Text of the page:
The unraveling of harsh anti-pot laws across the world is finally coming to Asia.
In East and Southeast Asia, democracies and dictatorships alike have long skewed toward severe penalties for marijuana users. Thailand, a key ally in America’s global war on drugs, has been no exception.
But the perception of cannabis has begun to change with astonishing speed. Thailand’s right-wing government recently legalized medical cannabis — and identified the creation of a homegrown marijuana industry as a “top priority.”
Even some of Thailand’s conservatives now talk excitedly of churning out “world-class cannabis” from its lush farmlands and stealing the lead before other Asian countries build their own markets. (Around the region, South Korea and the Philippines are taking baby steps toward loosening anti-pot laws while China has quietly permitted research into the drug.)
In Thailand, at this point, there is no marijuana industry. But a few months back, authorities quietly allowed scientists to put together the country’s first-ever cannabis laboratory — one of the few legal facilities of its kind in Asia.
That lab, at a school north of Bangkok called Rangsit University, is finally being unveiled. On a guided tour, The World was given access to more than a dozen pharmacists, medical researchers and agricultural specialists who are helping build this industry from scratch.
Here are some key takeaways:
Thailand’s first cannabis strains are supplied by lawbreakers
Importing marijuana to Thailand — even for medical purposes — is still illegal. Researchers have had to work with cannabis confiscated by police and supplied via Thailand’s anti-narcotics bureau. In other words, drug users and traffickers may have inadvertently contributed to the advancement of medicine.
Earlier this year, the scientists were handed about 40 kilo-sized bricks of weed. Most of it was contaminated by pesticides, heavy metals and other residues. But there was enough usable stock to create quality oils laden with Tetrahydrocannabinol, known as THC, which the researchers have practiced distilling in their labs.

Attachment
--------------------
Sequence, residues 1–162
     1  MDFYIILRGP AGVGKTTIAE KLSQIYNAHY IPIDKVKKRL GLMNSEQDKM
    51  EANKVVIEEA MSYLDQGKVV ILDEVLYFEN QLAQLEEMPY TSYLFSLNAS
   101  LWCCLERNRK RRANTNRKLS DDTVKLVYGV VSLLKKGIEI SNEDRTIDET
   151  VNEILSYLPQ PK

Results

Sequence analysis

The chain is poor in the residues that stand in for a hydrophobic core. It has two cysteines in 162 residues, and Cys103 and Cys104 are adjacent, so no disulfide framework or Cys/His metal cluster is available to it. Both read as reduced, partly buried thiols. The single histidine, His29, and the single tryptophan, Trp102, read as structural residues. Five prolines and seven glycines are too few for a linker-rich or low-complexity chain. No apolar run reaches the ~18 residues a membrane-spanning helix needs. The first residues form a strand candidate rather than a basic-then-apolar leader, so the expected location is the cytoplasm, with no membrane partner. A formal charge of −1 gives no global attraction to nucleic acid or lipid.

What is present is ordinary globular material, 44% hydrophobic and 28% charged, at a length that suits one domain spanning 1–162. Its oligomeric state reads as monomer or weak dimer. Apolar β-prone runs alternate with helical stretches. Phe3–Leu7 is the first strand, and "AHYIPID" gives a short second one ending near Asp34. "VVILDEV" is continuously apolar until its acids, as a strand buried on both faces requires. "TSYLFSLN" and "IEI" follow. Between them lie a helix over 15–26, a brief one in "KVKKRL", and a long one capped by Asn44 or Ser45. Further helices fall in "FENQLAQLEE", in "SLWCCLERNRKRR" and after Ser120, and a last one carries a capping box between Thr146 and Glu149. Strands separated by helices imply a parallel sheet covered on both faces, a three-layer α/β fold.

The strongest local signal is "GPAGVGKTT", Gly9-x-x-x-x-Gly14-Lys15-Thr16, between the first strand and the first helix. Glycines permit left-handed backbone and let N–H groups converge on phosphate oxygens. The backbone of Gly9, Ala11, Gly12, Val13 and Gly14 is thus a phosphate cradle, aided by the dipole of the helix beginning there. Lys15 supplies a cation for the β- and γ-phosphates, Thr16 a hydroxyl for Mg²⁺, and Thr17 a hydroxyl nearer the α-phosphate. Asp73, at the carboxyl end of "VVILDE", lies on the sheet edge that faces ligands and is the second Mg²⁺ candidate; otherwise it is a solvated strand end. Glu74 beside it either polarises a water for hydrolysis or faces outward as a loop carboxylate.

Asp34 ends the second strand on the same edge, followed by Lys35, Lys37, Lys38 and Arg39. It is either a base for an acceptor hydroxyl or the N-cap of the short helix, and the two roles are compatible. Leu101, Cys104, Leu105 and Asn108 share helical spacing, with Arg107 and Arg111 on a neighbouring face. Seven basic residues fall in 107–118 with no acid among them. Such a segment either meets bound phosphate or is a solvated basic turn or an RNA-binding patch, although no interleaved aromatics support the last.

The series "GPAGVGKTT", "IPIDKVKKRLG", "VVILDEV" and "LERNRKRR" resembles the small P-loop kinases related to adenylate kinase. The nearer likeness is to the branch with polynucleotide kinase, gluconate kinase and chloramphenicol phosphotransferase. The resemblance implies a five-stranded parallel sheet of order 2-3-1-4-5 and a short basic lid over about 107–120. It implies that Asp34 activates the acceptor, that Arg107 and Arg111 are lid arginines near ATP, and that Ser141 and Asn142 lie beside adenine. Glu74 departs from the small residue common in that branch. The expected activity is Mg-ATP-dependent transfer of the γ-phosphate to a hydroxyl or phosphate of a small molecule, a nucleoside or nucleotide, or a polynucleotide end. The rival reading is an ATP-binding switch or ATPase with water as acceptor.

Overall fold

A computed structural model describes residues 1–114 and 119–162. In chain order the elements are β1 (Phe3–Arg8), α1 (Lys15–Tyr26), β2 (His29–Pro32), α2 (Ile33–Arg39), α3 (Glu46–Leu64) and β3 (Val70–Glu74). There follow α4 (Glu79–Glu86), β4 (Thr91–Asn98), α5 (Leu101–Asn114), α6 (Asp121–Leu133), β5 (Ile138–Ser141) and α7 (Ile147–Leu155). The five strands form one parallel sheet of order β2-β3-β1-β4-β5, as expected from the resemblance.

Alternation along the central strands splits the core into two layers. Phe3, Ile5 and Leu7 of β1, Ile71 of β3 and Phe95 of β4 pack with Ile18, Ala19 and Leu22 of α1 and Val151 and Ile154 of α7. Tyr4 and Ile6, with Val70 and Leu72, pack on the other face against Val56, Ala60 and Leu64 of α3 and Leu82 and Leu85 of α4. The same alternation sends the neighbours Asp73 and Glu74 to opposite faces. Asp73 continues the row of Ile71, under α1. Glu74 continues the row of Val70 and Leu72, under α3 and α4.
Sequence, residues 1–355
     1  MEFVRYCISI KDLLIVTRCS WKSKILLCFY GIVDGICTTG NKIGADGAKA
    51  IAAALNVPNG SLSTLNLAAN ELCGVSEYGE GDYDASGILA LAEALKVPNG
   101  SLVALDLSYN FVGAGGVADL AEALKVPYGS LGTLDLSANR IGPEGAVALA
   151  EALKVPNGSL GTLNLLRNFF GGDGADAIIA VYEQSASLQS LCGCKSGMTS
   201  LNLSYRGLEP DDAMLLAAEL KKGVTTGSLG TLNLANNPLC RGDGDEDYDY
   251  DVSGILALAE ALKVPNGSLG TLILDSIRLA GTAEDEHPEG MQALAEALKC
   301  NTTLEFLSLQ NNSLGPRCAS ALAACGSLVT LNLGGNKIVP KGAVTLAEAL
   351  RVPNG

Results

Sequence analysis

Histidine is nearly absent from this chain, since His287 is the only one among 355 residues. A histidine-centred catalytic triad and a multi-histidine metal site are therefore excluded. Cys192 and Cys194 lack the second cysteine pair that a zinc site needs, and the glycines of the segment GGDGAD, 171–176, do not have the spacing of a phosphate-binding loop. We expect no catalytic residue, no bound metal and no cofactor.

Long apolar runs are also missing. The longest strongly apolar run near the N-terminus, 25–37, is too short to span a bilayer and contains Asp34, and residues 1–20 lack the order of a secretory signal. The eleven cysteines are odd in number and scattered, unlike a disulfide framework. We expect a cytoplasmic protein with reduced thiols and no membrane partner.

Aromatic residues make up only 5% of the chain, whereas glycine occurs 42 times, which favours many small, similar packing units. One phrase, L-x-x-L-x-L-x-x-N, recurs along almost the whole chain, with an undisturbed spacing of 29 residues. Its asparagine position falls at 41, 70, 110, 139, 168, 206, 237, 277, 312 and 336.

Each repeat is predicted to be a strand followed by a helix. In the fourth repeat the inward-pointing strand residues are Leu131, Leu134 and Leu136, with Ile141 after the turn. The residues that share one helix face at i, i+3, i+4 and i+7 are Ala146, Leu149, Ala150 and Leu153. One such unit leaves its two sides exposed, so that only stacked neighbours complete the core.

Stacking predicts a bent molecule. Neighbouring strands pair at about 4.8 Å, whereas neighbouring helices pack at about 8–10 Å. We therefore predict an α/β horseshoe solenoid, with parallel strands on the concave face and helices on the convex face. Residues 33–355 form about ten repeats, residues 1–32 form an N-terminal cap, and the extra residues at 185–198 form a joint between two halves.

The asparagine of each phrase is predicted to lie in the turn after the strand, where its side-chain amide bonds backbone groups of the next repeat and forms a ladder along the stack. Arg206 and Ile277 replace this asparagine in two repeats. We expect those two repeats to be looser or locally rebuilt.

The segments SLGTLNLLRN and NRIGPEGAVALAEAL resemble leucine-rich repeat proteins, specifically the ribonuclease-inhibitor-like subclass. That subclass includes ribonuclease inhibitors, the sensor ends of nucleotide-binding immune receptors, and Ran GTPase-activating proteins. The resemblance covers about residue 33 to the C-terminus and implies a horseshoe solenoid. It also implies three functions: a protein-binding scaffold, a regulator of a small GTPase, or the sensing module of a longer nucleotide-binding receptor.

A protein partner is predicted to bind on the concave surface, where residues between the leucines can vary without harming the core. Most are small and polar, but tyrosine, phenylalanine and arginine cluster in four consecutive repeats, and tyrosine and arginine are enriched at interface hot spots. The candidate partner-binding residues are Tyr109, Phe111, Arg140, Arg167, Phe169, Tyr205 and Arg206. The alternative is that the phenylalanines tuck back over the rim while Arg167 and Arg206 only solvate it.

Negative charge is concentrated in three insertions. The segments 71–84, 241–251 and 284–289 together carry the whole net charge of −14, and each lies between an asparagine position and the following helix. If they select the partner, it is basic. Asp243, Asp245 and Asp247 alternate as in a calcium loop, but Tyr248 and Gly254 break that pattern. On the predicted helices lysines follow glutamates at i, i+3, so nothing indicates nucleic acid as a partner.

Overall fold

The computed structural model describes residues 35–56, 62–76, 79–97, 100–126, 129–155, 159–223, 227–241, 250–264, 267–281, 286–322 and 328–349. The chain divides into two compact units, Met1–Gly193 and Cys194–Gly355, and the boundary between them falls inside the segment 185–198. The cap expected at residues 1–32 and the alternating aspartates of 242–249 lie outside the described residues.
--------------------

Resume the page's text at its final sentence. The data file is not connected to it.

Expect some flavorful THC-infused products
The scientists aim to make life more bearable for people suffering through chemotherapy, epilepsy, multiple sclerosis and chronic pain. They’ve been creative in coming up with ways to administer doses of THC.
Prototypes presented so far include THC-infused wafers, massage oils (which can be rubbed on the stomach) and a nasal spray.
Patrick Winn/The World
But the most inventive prototype is a flavorful powder that combines marijuana with signature Thai ingredients: sandalwood, ginger and three types of pepper.
The powder is consumed as a liquid after mixing it with coconut oil. This will produce a peppery drink that, according to the researchers, also has “floral and sweet” flavors of coconut.
Patrick Winn/The World
Thailand will be home to Asia’s first 'ganja studies' curriculum
The college hosting the cannabis lab, Rangsit University, is putting together what they call a “ganja studies” program taught by professors specializing in pharmaceuticals, medicine and cutting-edge agriculture. (In the Thai language, “ganja” isn’t slang. It’s the formal word for cannabis.)
At this point, the curriculum is envisioned as a minor, not a major, though demand is very high. Several dozen students have already tried to land spots on the enrollment list even though the program may take more than a year to roll out.
As the program is more fully built up, researchers will start creating their own unique cannabis strains that don’t rely on confiscated marijuana from the police, says Thanapat Songsak, dean of the university’s College of Pharmacy.
Patrick Winn/The World
It’ll take time before THC products are rolled out en masse
The buzz around medical cannabis in Thailand is intense. Analysts are throwing around estimates valuing the nation’s potential marijuana market at more than half a billion dollars. And in the halls of government, some politicians are pushing for recreational use, citing California as inspiration.
Still, the country remains in a “transition period,” says Supachai Kunaratnpruk, a former top official with Thailand’s health ministry who is now steering Rangsit University’s research efforts.
For starters, there isn’t much supply. Marijuana plants are being grown in only a few government-approved greenhouses. Doctors at state-run hospitals have been cleared to dispense a small batch of THC oils to select patients but, for now, there aren’t enough legal marijuana plants to power an industrialized market. Influential figures in government, Supachai says, remain skittish about the specter of all-out legalization.
There’s also a well-founded fear, he says, that this nascent industry will become monopolized by one or two corporations, possibly foreign, that are focused on profits and not health.
“We can’t let it fall into one [set of] hands, one big company,” he says. “Our responsibility is to develop special Thai strains of world-class cannabis used in medicine. We want to cooperate with farmer co-ops. They grow it, we provide knowledge and it’s all sold to the medical profession. That’s the model.”